CIITN Group Project - Fall 2005

CHEM 2020U Introduction to Organic Chemistry

Why do we have to do the Chemistry is in the News program?

Modern life as we know it would not exist without our understanding of organic chemistry - it is everywhere - and to prove it, and at the same time learn a little more about organic chemistry, we are going to be undertaking a group project through the Chemistry Is In the News web program (CIITN).  You see, everyday topics related to CHEM2020U Introduction to Organic Chemistry pop up in our news media; so without even knowing it, we all learn a bit of organic chemistry when we read the newspaper.  Our job is going to be to help people (your classmates, and the world) get more out of the news articles they read by guiding them through - and expanding on the details of - the organic chemistry they may be struggling with over breakfast.  As I have already mentioned - this is a group project, so your TA will be assigning you into a group and elaborating on the CIITN program in your first Tutorial session. 

What will the final project look like?

In the text that follows I will be explaining in detail how to go about being successful at this project.  However, to quickly familiarize yourself, go to the CIITN website and look at some past student project at the University of Missouri where they have pioneered, and continue to host, this program [click on Student Projects and scroll down to the last entry of Year 2004 - Dr. Rainer Glaser Chem 210] .  After looking at a few projects you will see the pattern - you will write an editorial section on your newspaper article [200-500 words], it will contain embedded links to further information, and some sort of reaction schematic or chemical structure drawing; after this you will write a series of questions that to help shed more light on the topic and you provide some representative answers to these questions.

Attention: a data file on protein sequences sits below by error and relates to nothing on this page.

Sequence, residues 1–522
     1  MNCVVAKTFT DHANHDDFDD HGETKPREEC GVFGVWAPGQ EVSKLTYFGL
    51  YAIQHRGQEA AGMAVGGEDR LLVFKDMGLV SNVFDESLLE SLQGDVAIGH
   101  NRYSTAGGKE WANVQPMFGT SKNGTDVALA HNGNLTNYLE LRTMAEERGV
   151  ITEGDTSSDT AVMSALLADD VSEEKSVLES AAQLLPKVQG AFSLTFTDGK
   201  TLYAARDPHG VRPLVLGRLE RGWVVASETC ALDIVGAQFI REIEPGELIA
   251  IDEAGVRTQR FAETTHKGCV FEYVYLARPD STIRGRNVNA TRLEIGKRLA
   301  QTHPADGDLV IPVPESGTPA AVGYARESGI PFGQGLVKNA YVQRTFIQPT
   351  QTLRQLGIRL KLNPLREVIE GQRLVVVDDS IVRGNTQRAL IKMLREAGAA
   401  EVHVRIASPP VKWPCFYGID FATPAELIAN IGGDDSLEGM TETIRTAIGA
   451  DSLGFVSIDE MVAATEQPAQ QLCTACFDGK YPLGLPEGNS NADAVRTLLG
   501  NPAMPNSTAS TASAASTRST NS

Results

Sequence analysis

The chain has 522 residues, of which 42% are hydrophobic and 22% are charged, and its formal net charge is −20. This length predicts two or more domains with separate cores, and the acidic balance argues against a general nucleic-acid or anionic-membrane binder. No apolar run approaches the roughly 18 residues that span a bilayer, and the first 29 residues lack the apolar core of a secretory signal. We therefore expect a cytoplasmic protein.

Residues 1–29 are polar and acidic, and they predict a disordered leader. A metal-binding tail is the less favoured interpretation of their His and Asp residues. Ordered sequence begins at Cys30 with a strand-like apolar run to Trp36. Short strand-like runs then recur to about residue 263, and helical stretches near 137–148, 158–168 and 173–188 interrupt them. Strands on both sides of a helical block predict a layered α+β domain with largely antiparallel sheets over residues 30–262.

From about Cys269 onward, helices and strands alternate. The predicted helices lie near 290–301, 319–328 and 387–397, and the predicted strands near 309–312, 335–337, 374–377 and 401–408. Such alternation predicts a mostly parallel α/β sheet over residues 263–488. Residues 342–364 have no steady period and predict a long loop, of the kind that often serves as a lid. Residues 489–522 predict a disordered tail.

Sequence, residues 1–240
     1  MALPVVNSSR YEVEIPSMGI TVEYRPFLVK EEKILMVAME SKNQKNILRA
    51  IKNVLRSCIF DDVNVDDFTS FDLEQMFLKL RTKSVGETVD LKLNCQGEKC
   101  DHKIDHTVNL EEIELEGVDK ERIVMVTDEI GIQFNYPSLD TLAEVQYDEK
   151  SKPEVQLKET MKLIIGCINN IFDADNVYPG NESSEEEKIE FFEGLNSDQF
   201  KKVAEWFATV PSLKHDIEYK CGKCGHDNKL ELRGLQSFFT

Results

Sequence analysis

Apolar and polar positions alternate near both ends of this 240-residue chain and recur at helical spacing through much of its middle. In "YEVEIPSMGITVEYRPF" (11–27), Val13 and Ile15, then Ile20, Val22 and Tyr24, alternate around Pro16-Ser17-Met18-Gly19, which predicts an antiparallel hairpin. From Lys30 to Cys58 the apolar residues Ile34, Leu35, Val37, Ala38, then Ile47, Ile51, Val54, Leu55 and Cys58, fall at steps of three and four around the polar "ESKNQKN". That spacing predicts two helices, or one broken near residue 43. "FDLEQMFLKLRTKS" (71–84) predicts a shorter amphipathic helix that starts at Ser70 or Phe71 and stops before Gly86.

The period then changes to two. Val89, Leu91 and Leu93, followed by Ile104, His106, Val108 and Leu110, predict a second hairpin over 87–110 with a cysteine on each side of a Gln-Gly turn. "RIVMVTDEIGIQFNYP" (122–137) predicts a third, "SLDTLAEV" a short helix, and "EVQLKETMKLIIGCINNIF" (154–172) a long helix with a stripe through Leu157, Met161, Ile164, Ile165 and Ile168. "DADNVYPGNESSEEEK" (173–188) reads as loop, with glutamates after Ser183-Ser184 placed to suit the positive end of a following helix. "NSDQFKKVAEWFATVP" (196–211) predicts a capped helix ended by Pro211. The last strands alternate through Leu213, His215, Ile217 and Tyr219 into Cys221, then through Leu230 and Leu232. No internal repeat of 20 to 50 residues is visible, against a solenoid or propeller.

How will I be graded if this is a group project?

The CIITN project is worth 10% of your final grade.  Your individual final grade will be calculated based on your the Peer Review mark your group receives and the Intragroup Peer Review mark you, as an individual, receive.  If you decide to not help your group with this project, it is entirely possible to receive a failing grade while your group members go on to gloriously high marks because of the excellent project they created without your help. More specifics on how the different review process take place follows under the more details heading. 

Your final score will be calculated by multiplying the group grade (out of 100) by your intragroup review grade (out of 100) and dividing by 100.     

Important dates for your calendar

Friday October 14th Decided on group name (give to TA), cleared article/topic with TA

Sunday November 13th

First Draft Posted

Friday November 18th

Peer Review 1 completed

Friday November 25th

Final Draft Posted

Friday December 2nd

Peer Review II completed

Tuesday December 6th

Intragroup Peer Review Completed

A brief summary of what you will be doing

Working as a group you will:

[1] Read online newspapers and search for articles whose content in some way is connected to organic chemistry. Consider only top-notch well-recognized news sources to assure the highest quality.
[2] Identify one article that illustrates an important consequence of organic chemistry well. Identify the key organic chemistry topic the article touches upon and identify the chapter in a textbook that is most relevant. Identify keywords that best describe the issues raised by the article. Identify keywords that best describe the most relevant chemistry topics related to the article. Your Group must have decided on a group name, chosen an article and cleared the topic with your TA for by Friday October 14th, 2005.